Category Archives: Book review

“Meltdown: Terror at the Top of the World” — new book exploits polar bear attack to sell fear of sea ice decline

The polar bear attack that was all over the news last summer is now an ebook about global warming. The Maine lawyer who was mauled by a bear while on a hiking trip to Labrador (and lived to tell the tale) has allowed his story to be co-opted by an activist journalist to promote fears of sea ice decline, polar bear extinction, and man-made global warming.

Melt-down_Terror at the Top of the World_Nov 12 2014 press release book cover

The press release issued yesterday by the news group that published the book and employs author Sabrina Shankman (InsideClimateNews), described it this way:

“A riveting new e-book about the battle between man, beast and Nature in a warming world. Called Meltdown: Terror at the Top of the World, the e-book tells the story of the hikers’ harrowing encounter with a polar bear; of the plight of the polar bear in general, facing starvation and extinction as the sea ice melts and its habitat disappears; and of the Arctic meltdown, the leading edge of man-made climate change.”

I have little doubt the man mauled by the bear was indeed terrified and that his companions were as well. However, that horror is exploited shamelessly in this book as a means to promote anxiety over the future survival of polar bears and instill panic over a prophesied Arctic “meltdown.”
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Another polar bear advocate writes a book: Derocher and Lynch 2012

Polar Bears: A Complete Guide to their Biology and Behavior (2012) Text by Andrew E. Derocher, Photographs by Wayne Lynch, in association with Polar Bears International. Johns Hopkins University Press 264 pp. 153 color photos, 4 maps. 978-1-4214-0305-2    $39.95 hardcover

Here is the promotional description of this book:

“Derocher and Lynch have spent decades following polar bears, and this book offers the most comprehensive and readable review of their biology, ecology, behavior, and conservation.” From the JHUPress catalogue

This statement suggested to me that I would find Andrew Derocher’s new book upbeat and primarily concerned with explaining the biology, behavior and life history of polar bears, as the title suggests. I’d buy a book like that, I thought.

I was also eager to see how Derocher’s effort compared with Ian Stirling’s book that came out last year (2011), which I reviewed in July. The title of Stirling’s book – Polar Bears: The Natural History of a Threatened Species – did at least hint at the advocacy found within.

Would Derocher’s book be substantially different, despite his strident advocacy on display just last month in the press “Bleak future for polar bears, U of A scientists say” and in his most recent co-authored scientific paper (Stirling and Derocher 2012, now in print), that I discussed briefly in my first post? Continue reading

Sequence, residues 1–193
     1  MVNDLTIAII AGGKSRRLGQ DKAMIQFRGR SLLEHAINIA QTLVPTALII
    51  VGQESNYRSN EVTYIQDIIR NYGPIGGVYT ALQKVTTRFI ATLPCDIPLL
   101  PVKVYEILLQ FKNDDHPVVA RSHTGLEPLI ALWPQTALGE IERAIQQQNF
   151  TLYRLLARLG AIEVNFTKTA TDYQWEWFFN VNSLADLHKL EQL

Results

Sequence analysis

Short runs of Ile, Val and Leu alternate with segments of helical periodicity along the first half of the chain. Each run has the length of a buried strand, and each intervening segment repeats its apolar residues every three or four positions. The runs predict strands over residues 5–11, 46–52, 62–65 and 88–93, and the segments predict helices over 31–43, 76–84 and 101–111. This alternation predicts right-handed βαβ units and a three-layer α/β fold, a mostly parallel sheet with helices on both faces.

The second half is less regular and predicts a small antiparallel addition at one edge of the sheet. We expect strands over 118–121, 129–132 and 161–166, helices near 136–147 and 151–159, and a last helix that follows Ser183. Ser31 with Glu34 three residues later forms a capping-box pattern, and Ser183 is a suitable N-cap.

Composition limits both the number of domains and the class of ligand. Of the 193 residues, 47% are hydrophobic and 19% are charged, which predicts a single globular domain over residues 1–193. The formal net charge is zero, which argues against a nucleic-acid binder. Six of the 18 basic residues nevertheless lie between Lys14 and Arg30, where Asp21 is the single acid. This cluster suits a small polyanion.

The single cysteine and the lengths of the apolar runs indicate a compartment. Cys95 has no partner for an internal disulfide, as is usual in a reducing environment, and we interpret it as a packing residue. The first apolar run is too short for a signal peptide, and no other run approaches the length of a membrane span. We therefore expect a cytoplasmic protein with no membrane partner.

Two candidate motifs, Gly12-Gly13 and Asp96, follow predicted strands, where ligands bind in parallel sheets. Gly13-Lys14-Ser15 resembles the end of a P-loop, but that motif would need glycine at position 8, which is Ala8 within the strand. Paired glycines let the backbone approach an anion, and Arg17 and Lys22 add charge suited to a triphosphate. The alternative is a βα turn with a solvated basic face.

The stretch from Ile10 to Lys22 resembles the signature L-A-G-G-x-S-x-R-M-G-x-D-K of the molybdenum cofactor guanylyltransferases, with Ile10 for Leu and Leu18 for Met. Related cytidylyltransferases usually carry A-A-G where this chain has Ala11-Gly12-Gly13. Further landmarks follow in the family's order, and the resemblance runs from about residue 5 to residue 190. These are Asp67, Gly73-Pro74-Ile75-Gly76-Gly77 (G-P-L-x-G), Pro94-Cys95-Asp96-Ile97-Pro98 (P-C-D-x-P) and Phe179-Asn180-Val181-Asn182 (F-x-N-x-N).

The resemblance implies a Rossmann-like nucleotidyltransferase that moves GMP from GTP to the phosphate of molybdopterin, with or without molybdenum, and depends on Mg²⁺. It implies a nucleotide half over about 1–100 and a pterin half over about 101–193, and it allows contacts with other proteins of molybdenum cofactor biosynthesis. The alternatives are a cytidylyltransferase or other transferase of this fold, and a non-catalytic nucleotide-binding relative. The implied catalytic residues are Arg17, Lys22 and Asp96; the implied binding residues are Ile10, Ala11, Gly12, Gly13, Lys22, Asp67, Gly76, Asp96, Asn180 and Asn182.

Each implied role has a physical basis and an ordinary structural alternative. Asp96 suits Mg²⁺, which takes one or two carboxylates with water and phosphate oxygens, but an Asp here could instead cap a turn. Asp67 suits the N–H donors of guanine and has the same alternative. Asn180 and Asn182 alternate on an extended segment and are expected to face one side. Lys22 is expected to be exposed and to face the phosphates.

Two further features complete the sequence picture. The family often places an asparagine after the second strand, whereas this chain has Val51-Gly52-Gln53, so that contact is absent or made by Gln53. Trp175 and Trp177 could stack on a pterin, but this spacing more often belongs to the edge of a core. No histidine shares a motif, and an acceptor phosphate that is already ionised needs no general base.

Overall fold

Ian Stirling’s new polar bear book: a review

This review was originally posted June 30, 2012 at my evolution blog here

It was picked up as a guest post at Hilary Ostrov’s blog “The View from Here” July 1, 2012 under the title Of polar bears, polemics and climate warming

THE ORIGINAL REVIEW, RE-POSTED BELOW WITH MY EMPHASIS, HAS AN UPDATE ADDED JULY 26 2012, FOUND BELOW THE REFERENCE LIST

I recently came across a review of Ian Stirling’s latest book Polar Bears: The Natural History of a Threatened Species (2011, Fitzhenry & Whiteside) in the March 2012 issue of the journal Arctic, written by Arctic biologist Steven Ferguson. What is remarkable about Ferguson’s review is not what he says about the book but what he does not: lavish praise for Stirling’s polar bear stories but barely a mention of the book’s dismal predictions for the future. To be fair, all of the photographs in this book are outstanding (some are truly stunning) and the polar bear stories and life history information make for a fascinating read.

However, in reality this is not just a book about polar bears but a polemic discussion about the future of Arctic sea ice. Readers of Ferguson’s review might be surprised to find that there is an entire chapter dedicated to “climate warming” (“the game changer in polar bear conservation” according to Stirling). The climate warming chapter is as eye-catching in its own way as the rest of the book: who could miss the enormous, scary-looking graph predicting summer sea ice declining to zero within the next 90 years (described as a “NSIDC & NASA sea ice decay projection,” taken from Stroeve et al. 2007)? Or the two large photos, from different angles, of a bear that died in 1989 when its winter den collapsed? Oddly, such in-your-face photos and graphics seem not to have impressed Ferguson enough to warrant more than a few words in a list of topics covered (“models of future Arctic change”).

In contrast to Ferguson’s benign and somewhat fawning overview, my impression of the book was quite different.
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